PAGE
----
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What Makes Therapy Work

The Treatment Model of Psychotherapy

This month\’s column is based on a very interesting presenting I heard a year or so ago from Dr. Arthur C. Bohart about what actually makes therapy work.

The traditional assumption is that a patient or client presents their problems and the therapist makes a diagnosis. From that diagnosis, the therapist chooses what treatment to apply (medication, cognitive behavioral therapy, a Rogerian or Jungian approach, etc) to the patient\’s condition. The patient is then “fixed” by the treatment.

This is a “treatment” model of therapy. The emphasis is on treatment techniques with specific treatments for specific disorders. Relationship between the patient and the therapist is secondary but does serve a support function.

However studies do not support this model. There seem to be no statistically valid differences in outcome due to different treatments being used.

Does the Therapeutic Relationship Make the Difference?

Studies show that therapist empathy only accounts for about 8% of the outcome of therapy. There is little evidence that professional training and experience makes one a better therapist. My own past experience in training and supervising lay therapists (volunteers with an interest in helping but with no professional education or licensing) is that they made excellent therapists, often with better outcomes than professionals with the same patient populations.

In addition, self-help studies show that the therapeutic relationship is not necessary at all.

So What Is Most Important?

If different approaches work equally well, if techniques play only a small role, if professional training is not that important, and if, in fact, therapists aren\’t even needed, what conclusion does this lead us to?

The answer is that the patient or client is the most important common factor. Client involvement is the single best predictor of outcome of psychotherapy.

So the client is an active self-healer. The client or patient invests in the therapeutic procedures offered, thinks about the process, draws his/her own meaning from it, and creatively translates what happens in therapy into his/her own life to create change.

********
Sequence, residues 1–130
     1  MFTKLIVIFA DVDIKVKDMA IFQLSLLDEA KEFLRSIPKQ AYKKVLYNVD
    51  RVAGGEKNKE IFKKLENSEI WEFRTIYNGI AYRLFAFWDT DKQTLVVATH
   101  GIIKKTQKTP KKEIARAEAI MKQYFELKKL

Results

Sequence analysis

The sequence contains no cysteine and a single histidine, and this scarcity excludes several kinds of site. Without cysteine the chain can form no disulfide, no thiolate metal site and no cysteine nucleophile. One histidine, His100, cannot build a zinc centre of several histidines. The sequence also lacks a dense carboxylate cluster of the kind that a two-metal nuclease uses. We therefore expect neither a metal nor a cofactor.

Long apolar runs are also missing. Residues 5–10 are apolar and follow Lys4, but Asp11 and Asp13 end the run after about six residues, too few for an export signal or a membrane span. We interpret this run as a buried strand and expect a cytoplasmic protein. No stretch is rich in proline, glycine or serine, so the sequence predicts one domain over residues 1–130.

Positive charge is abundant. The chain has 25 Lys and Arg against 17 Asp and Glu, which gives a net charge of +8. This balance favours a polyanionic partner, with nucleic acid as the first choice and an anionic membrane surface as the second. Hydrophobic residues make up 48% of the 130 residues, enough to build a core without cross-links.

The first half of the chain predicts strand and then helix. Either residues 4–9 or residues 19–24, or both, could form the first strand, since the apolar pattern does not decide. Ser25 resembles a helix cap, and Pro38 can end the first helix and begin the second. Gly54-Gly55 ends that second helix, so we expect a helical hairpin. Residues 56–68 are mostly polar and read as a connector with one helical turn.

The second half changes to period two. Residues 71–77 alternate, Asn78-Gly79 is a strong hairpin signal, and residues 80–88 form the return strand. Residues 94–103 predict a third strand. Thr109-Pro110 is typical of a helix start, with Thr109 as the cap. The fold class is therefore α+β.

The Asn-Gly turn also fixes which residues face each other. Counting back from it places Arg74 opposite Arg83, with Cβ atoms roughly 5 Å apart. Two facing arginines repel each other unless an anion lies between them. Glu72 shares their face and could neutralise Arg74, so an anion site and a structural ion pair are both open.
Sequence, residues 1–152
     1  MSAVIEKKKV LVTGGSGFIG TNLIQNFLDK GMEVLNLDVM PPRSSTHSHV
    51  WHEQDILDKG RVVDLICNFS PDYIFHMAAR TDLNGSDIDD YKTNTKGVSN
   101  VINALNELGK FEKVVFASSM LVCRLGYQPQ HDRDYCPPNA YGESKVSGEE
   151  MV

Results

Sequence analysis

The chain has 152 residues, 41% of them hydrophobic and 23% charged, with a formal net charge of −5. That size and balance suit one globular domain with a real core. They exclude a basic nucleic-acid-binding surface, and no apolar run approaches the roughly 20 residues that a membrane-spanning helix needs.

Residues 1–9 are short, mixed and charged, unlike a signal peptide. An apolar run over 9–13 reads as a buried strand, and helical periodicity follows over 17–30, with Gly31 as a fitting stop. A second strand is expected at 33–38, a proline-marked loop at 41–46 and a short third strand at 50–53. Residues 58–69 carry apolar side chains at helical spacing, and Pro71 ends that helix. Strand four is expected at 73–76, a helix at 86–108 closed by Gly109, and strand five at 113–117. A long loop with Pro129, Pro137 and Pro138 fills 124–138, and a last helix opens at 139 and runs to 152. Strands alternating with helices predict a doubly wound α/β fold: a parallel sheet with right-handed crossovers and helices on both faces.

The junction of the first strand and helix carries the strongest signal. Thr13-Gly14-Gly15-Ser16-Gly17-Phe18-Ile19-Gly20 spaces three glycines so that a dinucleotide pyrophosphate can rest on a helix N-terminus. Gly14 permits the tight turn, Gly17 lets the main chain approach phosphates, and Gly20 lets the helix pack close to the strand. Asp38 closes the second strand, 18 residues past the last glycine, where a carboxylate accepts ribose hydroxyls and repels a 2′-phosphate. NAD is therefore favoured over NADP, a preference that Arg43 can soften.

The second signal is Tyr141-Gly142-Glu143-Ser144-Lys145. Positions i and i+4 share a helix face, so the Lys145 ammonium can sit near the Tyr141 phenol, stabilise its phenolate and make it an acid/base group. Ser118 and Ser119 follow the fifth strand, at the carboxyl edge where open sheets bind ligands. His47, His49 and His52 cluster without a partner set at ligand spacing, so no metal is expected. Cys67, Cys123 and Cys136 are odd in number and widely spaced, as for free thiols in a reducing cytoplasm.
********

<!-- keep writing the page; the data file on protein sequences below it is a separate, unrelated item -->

As I reach my 40th anniversary since becoming a professional therapist, I can attest to the fact that this is true. It\’s like the old joke about how many psychologists it takes to change a light bulb…one, but the bulb has to want to change!

Is it still worthwhile trying to find a therapist who offers what you want or need? Of course, but that is because as the client or patient, that will be the only context in which you will be willing to do the work you need to do.

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If you feel you have a psychiatric emergency, go directly to a family member, a friend, your physician, your pastor, or the nearest hospital emergency room and TELL THEM YOU NEED ARE IN CRISIS AND IN NEED OF IMMEDIATE HELP.


Call 911 or one of these numbers:
• 1-800-SUICIDE or 1-800-784-2433
• 1-800-273-TALK or 1-800-273-8255
• For a Suicide Hotline in your state: www.suicidehotlines.com

Suicide is a permanent and tragic solution to a temporary problem. GET HELP.

Next Month: The Fun Scary Path to Retirement

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